A major confound was that the narrow-phenotype bipolar disorder patients were predominantly medicated but the severe mood dysregulation subjects were predominantly unmedicated. Some studies have found that P3 amplitude normalizes (i.e., increases) in adults with schizophrenia treated with antipsychotic medications (29) and in children with ADHD treated with stimulants (30). Other studies have failed to find such normalization with antipsychotics (31), hypnotic medications (32), or multipharmacology (33). No studies have suggested that medication decreases P3 amplitude. Furthermore, detailed studies of P3 amplitude and medication suggest that, whereas frontal P3 amplitude may be normalized by medications, parietal P3 amplitude, which was deficient in narrow-phenotype bipolar subjects, may be unaffected by medication (34). Finally, in this study, behavior and psychophysiology were comparable between narrow-phenotype bipolar patients and comparison subjects in nonemotional conditions; differences emerged only in emotional contexts. We are unaware of any reports of medications impacting P3 amplitude differentially based on the emotionality of the context. However, it is possible that our results reflect the interaction of medication effects and task demands. Future studies with unmedicated bipolar disorder patients, and direct comparisons of medicated and unmedicated cohorts, would be informative. Finally, because of the limited number of trials, we were unable to examine habituation or trends in behavior or psychophysiology within each task, which could potentially impact the interpretation of our results.

In conclusion, our results indicate that there may be different psychophysiological mechanisms and behavioral correlates associated with frustration between children with narrow-phenotype bipolar disorder and those with severe mood dysregulation. Whereas the deficits in the narrow-phenotype subjects indicated impaired allocation of attention in the context of frustration, those in the severe mood dysregulation group indicated impairments in the initial stages of attention across emotional and nonemotional tasks. Finally, whereas the deficits in the narrow-phenotype cohort are consistent with those seen in mood disorders, deficits in children with severe mood dysregulation may reflect concurrent oppositional defiant disorder. The current study is the first to provide evidence of behavioral and psychophysiological differences between possible phenotypes of pediatric bipolar disorder.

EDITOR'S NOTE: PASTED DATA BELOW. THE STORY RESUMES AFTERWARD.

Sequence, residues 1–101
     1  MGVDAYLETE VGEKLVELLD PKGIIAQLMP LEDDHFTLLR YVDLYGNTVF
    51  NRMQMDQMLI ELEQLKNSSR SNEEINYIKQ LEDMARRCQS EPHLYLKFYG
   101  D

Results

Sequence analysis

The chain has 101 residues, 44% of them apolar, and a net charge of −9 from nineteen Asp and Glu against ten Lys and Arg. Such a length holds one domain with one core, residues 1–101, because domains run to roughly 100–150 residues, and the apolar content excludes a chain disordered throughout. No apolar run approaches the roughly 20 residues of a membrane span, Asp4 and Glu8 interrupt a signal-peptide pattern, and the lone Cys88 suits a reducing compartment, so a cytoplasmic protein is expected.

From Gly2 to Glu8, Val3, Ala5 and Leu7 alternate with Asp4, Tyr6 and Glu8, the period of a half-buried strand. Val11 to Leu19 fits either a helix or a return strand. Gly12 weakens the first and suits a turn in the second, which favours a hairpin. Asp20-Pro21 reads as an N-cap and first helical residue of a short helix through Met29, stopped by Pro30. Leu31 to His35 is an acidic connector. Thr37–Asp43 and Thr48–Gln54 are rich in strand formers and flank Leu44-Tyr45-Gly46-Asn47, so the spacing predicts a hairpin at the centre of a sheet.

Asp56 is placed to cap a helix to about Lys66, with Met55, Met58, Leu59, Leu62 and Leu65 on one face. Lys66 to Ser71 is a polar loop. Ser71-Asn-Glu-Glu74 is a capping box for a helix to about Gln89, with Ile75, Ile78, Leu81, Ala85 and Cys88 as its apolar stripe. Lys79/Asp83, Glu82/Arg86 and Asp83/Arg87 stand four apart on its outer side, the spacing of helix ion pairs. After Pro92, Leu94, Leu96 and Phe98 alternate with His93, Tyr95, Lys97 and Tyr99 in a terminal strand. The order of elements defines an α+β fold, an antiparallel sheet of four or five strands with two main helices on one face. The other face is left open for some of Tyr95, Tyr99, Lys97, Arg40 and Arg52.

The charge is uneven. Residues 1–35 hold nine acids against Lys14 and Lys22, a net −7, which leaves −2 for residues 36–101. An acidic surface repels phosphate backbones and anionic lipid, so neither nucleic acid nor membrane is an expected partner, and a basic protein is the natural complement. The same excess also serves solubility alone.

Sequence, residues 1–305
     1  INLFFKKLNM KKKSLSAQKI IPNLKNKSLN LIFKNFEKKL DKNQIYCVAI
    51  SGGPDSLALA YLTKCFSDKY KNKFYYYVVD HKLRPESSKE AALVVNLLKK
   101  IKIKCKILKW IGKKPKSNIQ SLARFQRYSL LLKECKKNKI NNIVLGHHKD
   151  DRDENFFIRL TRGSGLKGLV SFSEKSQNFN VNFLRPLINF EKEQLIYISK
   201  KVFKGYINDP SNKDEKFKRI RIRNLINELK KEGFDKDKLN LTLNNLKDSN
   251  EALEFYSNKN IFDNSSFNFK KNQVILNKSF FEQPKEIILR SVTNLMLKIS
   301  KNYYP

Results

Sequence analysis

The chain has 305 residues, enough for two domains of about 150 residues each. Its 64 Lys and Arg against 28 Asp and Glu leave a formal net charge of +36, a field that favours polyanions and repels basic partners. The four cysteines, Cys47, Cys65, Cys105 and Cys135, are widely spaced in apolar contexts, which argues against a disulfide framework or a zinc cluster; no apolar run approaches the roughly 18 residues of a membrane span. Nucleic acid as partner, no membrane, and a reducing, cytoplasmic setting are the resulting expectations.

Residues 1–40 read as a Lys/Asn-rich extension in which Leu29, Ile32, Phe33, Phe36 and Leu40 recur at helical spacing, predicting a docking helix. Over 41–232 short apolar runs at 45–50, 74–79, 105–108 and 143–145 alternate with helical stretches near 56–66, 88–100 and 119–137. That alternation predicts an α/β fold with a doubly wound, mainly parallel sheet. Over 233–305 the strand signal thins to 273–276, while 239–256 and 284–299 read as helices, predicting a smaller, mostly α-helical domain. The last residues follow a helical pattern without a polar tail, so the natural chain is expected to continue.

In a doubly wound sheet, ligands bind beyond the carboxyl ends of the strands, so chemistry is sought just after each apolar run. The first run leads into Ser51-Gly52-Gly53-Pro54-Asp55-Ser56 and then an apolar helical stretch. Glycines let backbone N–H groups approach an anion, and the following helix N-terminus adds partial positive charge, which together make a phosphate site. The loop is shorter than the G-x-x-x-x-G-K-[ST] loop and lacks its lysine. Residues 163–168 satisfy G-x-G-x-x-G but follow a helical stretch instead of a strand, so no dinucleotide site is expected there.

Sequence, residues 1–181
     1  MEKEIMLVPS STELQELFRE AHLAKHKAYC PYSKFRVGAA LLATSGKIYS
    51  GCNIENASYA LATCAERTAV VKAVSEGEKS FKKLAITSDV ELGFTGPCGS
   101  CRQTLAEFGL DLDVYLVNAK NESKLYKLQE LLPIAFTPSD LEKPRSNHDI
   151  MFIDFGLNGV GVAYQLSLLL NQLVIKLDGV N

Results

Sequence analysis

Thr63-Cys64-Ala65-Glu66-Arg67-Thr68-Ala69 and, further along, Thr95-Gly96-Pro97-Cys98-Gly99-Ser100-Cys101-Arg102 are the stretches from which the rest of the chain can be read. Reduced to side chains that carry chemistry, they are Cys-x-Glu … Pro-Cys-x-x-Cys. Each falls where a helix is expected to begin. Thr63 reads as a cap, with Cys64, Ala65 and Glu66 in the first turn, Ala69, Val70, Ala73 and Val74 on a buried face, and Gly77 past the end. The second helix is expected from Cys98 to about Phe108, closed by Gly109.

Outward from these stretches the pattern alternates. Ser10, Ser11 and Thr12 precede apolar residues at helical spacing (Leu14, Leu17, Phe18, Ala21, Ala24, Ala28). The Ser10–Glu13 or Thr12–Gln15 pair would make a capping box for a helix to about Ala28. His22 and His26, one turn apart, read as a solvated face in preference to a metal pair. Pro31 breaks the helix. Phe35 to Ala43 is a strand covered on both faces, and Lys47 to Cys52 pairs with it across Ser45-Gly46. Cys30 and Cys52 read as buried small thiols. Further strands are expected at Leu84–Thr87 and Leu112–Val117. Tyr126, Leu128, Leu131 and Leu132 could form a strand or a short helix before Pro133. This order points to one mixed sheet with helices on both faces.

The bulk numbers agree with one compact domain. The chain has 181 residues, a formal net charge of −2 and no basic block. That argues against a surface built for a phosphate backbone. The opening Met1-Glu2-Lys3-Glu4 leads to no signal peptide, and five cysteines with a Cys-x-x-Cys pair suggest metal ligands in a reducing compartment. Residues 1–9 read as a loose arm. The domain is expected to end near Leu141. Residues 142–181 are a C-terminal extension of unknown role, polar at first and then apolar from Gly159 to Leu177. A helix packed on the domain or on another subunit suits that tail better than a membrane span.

+Received June 30, 2005; revisions received Nov. 3, 2005, and Apr. 17 and July 24, 2006; accepted Aug. 1, 2006. From the Pediatrics and Developmental Neuropsychiatry Branch, Section on Development and Affective Neuroscience, NIMH Mood and Anxiety Program, Bethesda, Md.; the Department of Psychology, George Mason Univeristy, Fairfax, Va.; and the Child Development Lab, University of Maryland, College Park, Md. Address correspondence and reprint requests to Dr. Rich, National Institutes of Health, Bldg. 10, MSC 2670, Bethesda, MD 20892-2670; brendanrich@mail.nih.gov (e-mail).

+All authors report no competing interests.

+This research was supported by the NIMH Intramural Research Program.

+The authors thank the children and families of patients and comparison subjects for their participation in this research. The authors also acknowledge the staff of the NIMH Bipolar Spectrum Disorders Unit.

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20.Jonkman LM, Kemner C, Verbaten MN, Van Engeland H, Camfferman G, Buitelaar JK, Koelega HS: Attentional capacity, a probe ERP study: differences between children with attention-deficit hyperactivity disorder and normal control children and effects of methylphenidate. Psychophysiology 2000; 37:334–346